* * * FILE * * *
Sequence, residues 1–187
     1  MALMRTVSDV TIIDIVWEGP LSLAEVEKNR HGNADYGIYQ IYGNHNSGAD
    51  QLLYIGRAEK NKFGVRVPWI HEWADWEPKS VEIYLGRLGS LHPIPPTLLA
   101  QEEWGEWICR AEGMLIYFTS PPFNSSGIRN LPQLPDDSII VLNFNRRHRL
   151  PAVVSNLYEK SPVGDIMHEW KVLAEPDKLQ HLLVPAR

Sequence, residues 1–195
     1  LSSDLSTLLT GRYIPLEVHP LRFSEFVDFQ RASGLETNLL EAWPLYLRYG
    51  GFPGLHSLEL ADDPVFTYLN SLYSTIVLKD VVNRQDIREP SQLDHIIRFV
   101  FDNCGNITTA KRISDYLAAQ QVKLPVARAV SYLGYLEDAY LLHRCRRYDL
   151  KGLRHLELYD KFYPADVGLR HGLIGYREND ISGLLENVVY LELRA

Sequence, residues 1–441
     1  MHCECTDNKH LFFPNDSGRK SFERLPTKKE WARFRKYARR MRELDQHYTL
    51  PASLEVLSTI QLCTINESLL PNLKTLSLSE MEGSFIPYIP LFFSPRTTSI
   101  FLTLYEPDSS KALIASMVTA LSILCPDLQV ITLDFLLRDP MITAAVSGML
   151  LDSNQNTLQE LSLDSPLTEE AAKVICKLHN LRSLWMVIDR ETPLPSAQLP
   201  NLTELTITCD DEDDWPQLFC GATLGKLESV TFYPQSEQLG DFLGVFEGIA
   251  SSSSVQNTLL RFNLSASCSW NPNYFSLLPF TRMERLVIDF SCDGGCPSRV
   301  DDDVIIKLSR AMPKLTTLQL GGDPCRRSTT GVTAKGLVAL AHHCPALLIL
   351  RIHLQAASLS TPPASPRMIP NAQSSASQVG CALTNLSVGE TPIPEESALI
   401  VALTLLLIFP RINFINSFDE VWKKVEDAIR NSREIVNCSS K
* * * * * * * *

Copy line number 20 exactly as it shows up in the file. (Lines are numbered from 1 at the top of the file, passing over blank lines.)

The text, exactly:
   401  VALTLLLIFP RINFINSFDE VWKKVEDAIR NSREIVNCSS K